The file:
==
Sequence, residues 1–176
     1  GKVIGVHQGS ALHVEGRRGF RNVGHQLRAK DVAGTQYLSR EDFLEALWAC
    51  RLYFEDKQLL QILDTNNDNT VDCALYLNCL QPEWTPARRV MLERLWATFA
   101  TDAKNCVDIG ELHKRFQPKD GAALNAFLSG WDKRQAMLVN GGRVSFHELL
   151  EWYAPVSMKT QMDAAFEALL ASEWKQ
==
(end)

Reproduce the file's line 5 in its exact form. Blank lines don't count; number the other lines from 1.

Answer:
   151  EWYAPVSMKT QMDAAFEALL ASEWKQ